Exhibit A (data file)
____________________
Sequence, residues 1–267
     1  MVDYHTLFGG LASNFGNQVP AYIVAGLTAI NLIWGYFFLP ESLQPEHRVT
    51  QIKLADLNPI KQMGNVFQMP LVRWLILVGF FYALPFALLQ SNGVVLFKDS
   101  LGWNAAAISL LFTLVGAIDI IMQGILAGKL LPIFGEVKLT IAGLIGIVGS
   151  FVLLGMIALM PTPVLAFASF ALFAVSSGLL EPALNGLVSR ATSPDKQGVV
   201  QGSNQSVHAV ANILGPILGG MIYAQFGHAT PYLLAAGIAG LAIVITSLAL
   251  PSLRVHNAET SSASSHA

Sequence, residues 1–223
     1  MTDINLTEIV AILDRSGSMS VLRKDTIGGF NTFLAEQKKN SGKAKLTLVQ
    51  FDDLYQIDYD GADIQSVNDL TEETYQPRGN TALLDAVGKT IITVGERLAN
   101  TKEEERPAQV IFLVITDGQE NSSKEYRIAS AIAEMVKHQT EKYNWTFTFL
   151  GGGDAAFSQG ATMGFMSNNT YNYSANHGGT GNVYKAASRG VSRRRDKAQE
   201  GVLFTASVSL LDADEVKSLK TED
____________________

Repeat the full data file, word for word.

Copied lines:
Sequence, residues 1–267
     1  MVDYHTLFGG LASNFGNQVP AYIVAGLTAI NLIWGYFFLP ESLQPEHRVT
    51  QIKLADLNPI KQMGNVFQMP LVRWLILVGF FYALPFALLQ SNGVVLFKDS
   101  LGWNAAAISL LFTLVGAIDI IMQGILAGKL LPIFGEVKLT IAGLIGIVGS
   151  FVLLGMIALM PTPVLAFASF ALFAVSSGLL EPALNGLVSR ATSPDKQGVV
   201  QGSNQSVHAV ANILGPILGG MIYAQFGHAT PYLLAAGIAG LAIVITSLAL
   251  PSLRVHNAET SSASSHA

Sequence, residues 1–223
     1  MTDINLTEIV AILDRSGSMS VLRKDTIGGF NTFLAEQKKN SGKAKLTLVQ
    51  FDDLYQIDYD GADIQSVNDL TEETYQPRGN TALLDAVGKT IITVGERLAN
   101  TKEEERPAQV IFLVITDGQE NSSKEYRIAS AIAEMVKHQT EKYNWTFTFL
   151  GGGDAAFSQG ATMGFMSNNT YNYSANHGGT GNVYKAASRG VSRRRDKAQE
   201  GVLFTASVSL LDADEVKSLK TED